Conference Layout

MUN Procedure

Model United Nations, or MUN, is a student-driven version of the real United Nations. It offers students an insight into what really goes on in the UN and opportunities to debate current global issues, with each student pretending to be a delegate from a range of different countries. The country they are allocated will drive the position they will take in debate and which other countries they will look to form alliances with. Large countries will look to smaller ones for support on their resolutions while smaller ones will use large ones to give them a much stronger voice. Debates are based upon resolutions. These are documents written by a country which will address a certain issue, and will contain a number of clauses calling for action on the issue. Our guide to writing MUN resolutions can be found here.

The Conference

At large inter-school conferences you will be on a team of delegates from the same country, however all of you will be on different committees. These committees will debate specific, similar issues. For example, the Human Rights committee will focus on human rights issues. All delegates will write a resolution which they will try to get debated in their committees. To do this they will attempt to persuade delegates representing other countries to pledge their support by co-submitting it. At the end of the conference on the second day all delegates come together with their countries for one massive debate on an emergency issue. This grand-finale to the conference gives you the chance to speak in front of hundreds of people and will put your public speaking skills to the test. Whether or not you get your point across will depend upon how well you can persuade those others in the audience to support you.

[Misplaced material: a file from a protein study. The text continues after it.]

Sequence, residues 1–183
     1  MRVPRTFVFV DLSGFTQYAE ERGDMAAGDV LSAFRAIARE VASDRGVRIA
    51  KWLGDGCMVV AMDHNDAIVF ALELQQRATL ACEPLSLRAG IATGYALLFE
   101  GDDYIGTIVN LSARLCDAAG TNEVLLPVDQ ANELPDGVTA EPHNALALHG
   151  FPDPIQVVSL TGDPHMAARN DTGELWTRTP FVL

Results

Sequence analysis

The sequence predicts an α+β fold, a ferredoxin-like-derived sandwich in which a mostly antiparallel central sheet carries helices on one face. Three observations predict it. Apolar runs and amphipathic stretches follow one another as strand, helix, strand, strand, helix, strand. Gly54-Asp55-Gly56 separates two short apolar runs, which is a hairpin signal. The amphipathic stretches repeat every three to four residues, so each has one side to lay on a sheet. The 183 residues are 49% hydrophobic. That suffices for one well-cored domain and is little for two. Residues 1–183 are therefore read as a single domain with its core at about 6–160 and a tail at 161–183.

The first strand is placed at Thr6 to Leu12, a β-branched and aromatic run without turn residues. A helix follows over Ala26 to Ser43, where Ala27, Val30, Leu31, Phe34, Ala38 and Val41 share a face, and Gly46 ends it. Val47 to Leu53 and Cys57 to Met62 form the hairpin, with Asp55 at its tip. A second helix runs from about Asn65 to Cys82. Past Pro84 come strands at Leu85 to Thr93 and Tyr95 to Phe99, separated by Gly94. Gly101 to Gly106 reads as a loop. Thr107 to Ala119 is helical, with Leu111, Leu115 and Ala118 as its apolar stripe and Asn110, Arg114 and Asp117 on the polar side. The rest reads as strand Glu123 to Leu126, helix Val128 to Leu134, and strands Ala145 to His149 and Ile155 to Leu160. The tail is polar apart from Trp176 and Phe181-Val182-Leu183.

To be a successful delegate you'll need excellent skills of persuasion and negotiation, as you try to convince other countries to support you. Ideally you should have a really well-researched and well-written resolution for your committee. In the weeks leading up to the conference, make sure you follow the news closely so you are well-versed in international current affairs, as well as ongoing situations such as the conflict in Syria. Come to the conference with an open mind, a sense of humour and your wits about you - you'll have to think on your feet! Above all, enjoy yourself - we hope you have an unforgettable weekend in Oxford.

Contact us if you have any questions, especially if you are new to MUN.